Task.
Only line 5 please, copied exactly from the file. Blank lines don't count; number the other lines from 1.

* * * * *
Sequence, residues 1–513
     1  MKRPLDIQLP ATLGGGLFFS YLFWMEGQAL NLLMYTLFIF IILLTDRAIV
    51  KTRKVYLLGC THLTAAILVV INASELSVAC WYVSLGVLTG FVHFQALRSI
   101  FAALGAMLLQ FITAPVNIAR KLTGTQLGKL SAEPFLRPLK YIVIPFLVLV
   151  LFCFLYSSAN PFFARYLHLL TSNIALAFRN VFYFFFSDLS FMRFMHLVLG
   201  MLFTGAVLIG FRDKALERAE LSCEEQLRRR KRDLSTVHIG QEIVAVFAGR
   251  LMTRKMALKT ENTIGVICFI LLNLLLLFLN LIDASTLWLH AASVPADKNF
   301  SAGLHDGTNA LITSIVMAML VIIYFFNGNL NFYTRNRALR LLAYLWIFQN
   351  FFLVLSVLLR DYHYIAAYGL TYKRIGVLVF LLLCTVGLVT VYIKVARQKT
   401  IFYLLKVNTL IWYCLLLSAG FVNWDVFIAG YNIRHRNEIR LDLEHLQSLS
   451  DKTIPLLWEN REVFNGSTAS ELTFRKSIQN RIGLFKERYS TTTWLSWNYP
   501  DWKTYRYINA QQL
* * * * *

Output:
   151  LFCFLYSSAN PFFARYLHLL TSNIALAFRN VFYFFFSDLS FMRFMHLVLG